Modern medicine is amazing but there is sad news. Charles Kenny’s relatively new book, THE PLAGUE CYCLE, is a history of how medical researchers learned to prevent or cure many contagious diseases that felled millions of people in years not far back. Both Rich and Marion remember receiving the then newly developed polio vaccine they took as children. Certainly, their parents were appreciative of the new vaccine. The polio scourge that struck so many children is now virtually unknown. Thanks to science. While cancer is different from microbes that spawn contagious diseases, scientific advancements over decades help ALL live healthy lives. Sometimes we take this for granted.
Kenny’s last chapter reveals disturbing medical backsliding. Far too many people believe Internet hucksters who plant unfounded fear of modern medical treatments and vaccines.
Ruining Everyone’s Day
A diagnosis of a disease or contagion alters people’s lives. Avoiding vaccinations puts lives at unnecessary risk.
Prostate cancer isn’t caused by a microbe and has no symptoms in its early stage. The PSA test helps a physician identify and treat it using a variety of techniques while there’s still time. It’s a lifesaver.
Winding Pathways owners Marion and Rich Patterson urge everyone to get annual physicals, appropriate medical tests, and vaccinations.
Lots to Experience in January
(reworked from the Patterson’s “Iowa’s Wild Side” column
originally in the Cedar Rapids Gazette)
Winter in Iowa is erratic. Mild. January thaws. Grey, damp, and achy mornings. Frigid. Blustery. Sunny, sparkling days when all is right. We have it all. Here are ways we a find joy in January.
Some people escape to warmer regions. Most of us hang tough and grumble. At Winding Pathways, we’ve found that simple observations can enliven and deepen our appreciation for the change of seasons.
Bundled up in his Carharts and sitting quietly downwind at dusk, Rich notices deer begin to move. Stars and planets glow. Five geese honk and wing across the waxing moon. A photographer’s dream. An owl’s call fills the stillness left behind.
Wildlife freeze as the great horned owl’s ghostly shape floats silently to a branch near our home. Puffed to twice its size, a buffer against the cold, it waits. Several long minutes pass. Then, a rabbit cautiously emerges from the prairie stubble. An opossum noses hungrily at the compost heap. A startled mouse scurries across an open space. With talons extended and yellow eyes gleaming, the owl drops. After a brief scuffle, only bits of fur remain.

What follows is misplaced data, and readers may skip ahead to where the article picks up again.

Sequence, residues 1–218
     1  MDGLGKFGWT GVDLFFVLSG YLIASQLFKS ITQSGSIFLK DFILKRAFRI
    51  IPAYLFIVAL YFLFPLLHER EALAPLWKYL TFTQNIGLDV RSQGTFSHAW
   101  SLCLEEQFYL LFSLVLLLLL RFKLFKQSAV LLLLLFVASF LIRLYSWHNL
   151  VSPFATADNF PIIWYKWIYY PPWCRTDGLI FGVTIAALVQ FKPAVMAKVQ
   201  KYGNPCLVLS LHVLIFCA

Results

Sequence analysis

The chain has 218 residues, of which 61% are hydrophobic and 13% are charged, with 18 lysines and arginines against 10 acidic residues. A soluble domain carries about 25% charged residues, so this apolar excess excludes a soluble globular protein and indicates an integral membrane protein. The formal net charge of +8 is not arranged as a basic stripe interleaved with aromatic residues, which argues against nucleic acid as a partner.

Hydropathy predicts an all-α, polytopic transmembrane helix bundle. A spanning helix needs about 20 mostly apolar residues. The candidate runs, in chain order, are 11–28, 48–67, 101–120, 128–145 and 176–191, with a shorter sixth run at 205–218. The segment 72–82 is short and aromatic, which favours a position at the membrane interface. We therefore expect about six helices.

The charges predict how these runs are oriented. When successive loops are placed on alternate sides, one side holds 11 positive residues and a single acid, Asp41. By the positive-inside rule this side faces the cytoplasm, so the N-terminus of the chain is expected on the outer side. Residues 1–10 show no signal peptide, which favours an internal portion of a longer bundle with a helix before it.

Possums’ feet help it climb.
Observe When You Drive
Another way we find Joy in January is by taking drives. Across a frosty Iowa road, we slow as four deer race across a field, leap a barbed wire fence, and dash to safety beyond busy Highway 30. We speculate what startled them. A short time later we observe a face-off between a grazing cow and a foraging hawk. Neck stretched out, nose to the wind, the cow eyes the hovering hawk.
From the comfort of our home, we watch birds. Siskins, when the weather is cold, Carolina wrens when winters are mild, hang around the feeder and shrubs loaded with berries. A red-headed woodpecker pecks at suet. It rattles noisily and jabs its lance-like bill at the less aggressive birds. Its strong bill is great for hammering insects out of frozen trees and pounding holes in ice-encased water baths.
Black ice is another winter phenomenon. While not fun to drive on it is intriguing on rivers, ponds, and lakes. One Kansas winter an Arctic airmass plunged into the heartland and gave us a chance to peer into the dark depths below. A snapping turtle slowly swam through the thick water. Ice skaters reveled in the unusual event.
Nowadays we enjoy Arctic air from the inside. A small pool is just outside our window near the feeders. Sometimes, when temperatures drop quickly, and black ice forms we can see “through the looking glass” so to speak. A small aerator keeps a circle of water open. Small birds hop to the edge and drink. The overwintering goldfish appreciate the extra O2.
And we enjoy hot chocolate during January’s dormant month.